There’s another woman, a woman no one sees, spoken of in whispers if spoken of at all: she vanished mysteriously, is absolutely no one to worry about.
There’s a sound at night that comes from the attic or the room with the locked door (there’s no key for that lock on the heavy ring with all of the other house keys). But the sound is nothing. It’s the wind from the moors. It’s the scraping of tree branches against the eaves.
The governess is difficult to tolerate. She’s outspoken. Critical. The governess is also easy to fall in love with. She’s sensible. Kind.
But there are the sounds in the attic. The mystery woman. The faces in the wallpaper. There’s the dark secret from your past come back to haunt you. The curse of your bloodline.
But of course you’ve never ridden through the moors, and even if you had…
This isn’t the story of a vampire, this is the story of a rakish rogue, a Byronic hero, the lord of the manor.
The driving beat of “Bela Lugosi’s Dead” pounds in the club. The air is hazy with synthetic fog and the smoke from cigarettes.
The people on the dance floor are all dressed in black. Some wear crushed velvet or silk, delicate boots with side buttons and kicky heels, fingerless lace gloves. Others wear leather or frilled silk, spiked wrist bands and collars, boots with heavy soles and metal toes that are made for stomping.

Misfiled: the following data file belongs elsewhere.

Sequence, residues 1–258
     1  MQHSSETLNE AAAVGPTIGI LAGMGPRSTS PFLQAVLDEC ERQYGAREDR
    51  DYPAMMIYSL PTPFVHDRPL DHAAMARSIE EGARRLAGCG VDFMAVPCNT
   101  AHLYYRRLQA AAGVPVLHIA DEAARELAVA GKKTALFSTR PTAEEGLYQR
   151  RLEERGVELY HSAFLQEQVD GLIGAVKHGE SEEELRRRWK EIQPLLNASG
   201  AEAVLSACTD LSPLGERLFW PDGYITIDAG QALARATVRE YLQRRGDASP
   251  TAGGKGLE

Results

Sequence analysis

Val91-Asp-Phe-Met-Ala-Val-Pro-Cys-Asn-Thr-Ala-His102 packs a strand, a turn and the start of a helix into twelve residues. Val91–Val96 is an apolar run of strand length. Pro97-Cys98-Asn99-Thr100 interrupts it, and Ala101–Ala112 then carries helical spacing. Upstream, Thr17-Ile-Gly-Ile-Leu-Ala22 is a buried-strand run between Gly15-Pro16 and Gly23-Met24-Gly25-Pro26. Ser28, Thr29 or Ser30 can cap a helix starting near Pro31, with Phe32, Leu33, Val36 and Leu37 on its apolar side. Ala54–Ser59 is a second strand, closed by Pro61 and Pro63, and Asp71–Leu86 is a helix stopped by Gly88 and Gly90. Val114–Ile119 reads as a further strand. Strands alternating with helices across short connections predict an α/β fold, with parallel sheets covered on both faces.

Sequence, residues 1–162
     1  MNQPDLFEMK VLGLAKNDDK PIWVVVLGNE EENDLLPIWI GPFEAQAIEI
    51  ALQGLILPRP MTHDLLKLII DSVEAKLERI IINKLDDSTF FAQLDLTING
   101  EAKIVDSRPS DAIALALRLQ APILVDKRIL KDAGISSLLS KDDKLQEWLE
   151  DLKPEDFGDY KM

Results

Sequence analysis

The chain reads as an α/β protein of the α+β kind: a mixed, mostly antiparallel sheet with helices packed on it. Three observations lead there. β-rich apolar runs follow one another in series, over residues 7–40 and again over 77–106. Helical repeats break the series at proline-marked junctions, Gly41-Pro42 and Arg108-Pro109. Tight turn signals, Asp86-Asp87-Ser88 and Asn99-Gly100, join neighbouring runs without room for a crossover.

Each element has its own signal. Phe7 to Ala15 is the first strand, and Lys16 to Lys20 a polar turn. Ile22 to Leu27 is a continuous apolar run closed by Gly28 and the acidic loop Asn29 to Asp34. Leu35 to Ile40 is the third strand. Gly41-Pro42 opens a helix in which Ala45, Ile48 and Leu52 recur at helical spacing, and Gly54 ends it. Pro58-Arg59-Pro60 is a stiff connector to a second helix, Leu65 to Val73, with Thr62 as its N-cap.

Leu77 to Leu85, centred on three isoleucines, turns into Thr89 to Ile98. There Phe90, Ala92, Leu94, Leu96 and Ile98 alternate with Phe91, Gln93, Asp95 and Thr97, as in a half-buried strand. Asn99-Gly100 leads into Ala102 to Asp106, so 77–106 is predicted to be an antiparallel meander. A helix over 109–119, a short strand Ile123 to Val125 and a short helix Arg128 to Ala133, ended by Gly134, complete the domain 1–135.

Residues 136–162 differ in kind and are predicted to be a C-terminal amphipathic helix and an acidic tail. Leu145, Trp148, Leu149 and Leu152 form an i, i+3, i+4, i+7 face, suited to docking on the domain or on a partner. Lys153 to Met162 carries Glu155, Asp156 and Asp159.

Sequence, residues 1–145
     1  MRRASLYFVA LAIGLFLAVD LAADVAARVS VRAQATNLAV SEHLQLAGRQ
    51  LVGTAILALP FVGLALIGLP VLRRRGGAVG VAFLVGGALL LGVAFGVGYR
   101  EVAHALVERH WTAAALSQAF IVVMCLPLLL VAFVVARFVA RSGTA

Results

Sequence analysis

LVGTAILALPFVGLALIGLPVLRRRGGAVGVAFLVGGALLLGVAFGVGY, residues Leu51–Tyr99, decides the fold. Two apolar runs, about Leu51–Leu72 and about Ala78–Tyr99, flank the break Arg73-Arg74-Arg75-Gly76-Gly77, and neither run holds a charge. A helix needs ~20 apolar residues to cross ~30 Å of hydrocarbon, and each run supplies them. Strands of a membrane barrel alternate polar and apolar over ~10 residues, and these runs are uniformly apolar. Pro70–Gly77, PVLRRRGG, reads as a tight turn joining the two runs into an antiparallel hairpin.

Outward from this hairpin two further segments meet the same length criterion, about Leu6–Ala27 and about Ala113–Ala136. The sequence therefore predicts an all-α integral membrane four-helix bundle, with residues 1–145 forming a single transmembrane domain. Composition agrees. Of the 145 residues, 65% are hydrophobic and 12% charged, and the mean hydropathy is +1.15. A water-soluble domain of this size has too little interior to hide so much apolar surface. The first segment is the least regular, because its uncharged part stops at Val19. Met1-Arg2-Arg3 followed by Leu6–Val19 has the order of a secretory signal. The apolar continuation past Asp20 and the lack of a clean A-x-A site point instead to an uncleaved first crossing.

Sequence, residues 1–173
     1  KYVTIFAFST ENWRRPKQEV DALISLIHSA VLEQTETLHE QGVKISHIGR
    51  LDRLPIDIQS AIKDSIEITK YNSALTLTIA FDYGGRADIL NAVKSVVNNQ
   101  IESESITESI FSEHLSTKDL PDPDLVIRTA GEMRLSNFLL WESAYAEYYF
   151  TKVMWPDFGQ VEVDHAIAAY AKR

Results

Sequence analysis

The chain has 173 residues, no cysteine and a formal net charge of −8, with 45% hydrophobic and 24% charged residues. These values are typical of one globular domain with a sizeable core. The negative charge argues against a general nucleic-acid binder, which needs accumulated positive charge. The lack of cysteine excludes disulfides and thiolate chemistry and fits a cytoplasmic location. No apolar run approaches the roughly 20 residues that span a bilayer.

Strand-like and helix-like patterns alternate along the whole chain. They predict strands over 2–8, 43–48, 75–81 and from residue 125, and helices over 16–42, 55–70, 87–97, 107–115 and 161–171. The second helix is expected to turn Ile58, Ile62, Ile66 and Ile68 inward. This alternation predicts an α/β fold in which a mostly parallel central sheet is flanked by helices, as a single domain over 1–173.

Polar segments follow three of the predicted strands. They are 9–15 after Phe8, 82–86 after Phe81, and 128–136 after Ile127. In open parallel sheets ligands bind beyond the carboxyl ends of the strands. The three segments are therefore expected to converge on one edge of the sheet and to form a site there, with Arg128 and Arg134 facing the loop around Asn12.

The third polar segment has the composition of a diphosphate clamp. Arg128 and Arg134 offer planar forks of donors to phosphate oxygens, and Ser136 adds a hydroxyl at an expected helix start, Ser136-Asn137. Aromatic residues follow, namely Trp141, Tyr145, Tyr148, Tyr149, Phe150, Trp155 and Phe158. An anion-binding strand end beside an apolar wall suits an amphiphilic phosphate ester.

Lips and nails are painted black or purple or blue or a red that tries so hard to be blood. Black eyeliner curls up, dips down. Cheeks are powdered pale and shaded to emphasize cheekbones on even the roundest faces.
Someone has a leather purse in the shape of a coffin with a velvet cross on the lid and a chrome chain strap. The scent of glove fills the air: die faster, smell better.
Bauhaus shifts to Siouxsie and the Banshees to the Cure to Sisters of Mercy to Rosetta Stone. That’s when the floor is full of velvet and lace, swirling skirts and elegant frocks.
When the DJ swerves toward Nitzer Ebb, Nine Inch Nails and Marilyn Manson, the velvet gives way to leather and ripped t-shirts. Dancing is rough and loud, half way to a mosh pit.
And then the set swings back again and people in full, floor-length skirts appear to be picking up a dropped coin, looking at it, tossing it over their shoulder. Or they’re pulling taffy with a ghost, perhaps screwing in an invisible light bulb.
There’s a girl leaning against the blacklit wall, black-papered cigarette between pale fingers inhaling smoke through her nose as she lets it out of her mouth.
This is not a story of a vampire, this is the story of an 80s or a 90s goth at a goth/industrial club.
As I said, this is most assuredly not a post about vampires, certainly not about one in particular who was a warrior and a priest and the lord of the manor and that girl looking at you in the club. This is a post about barbarians and architecture, literature and subculture. It’s about four different flavors of goth, and not about a vampire.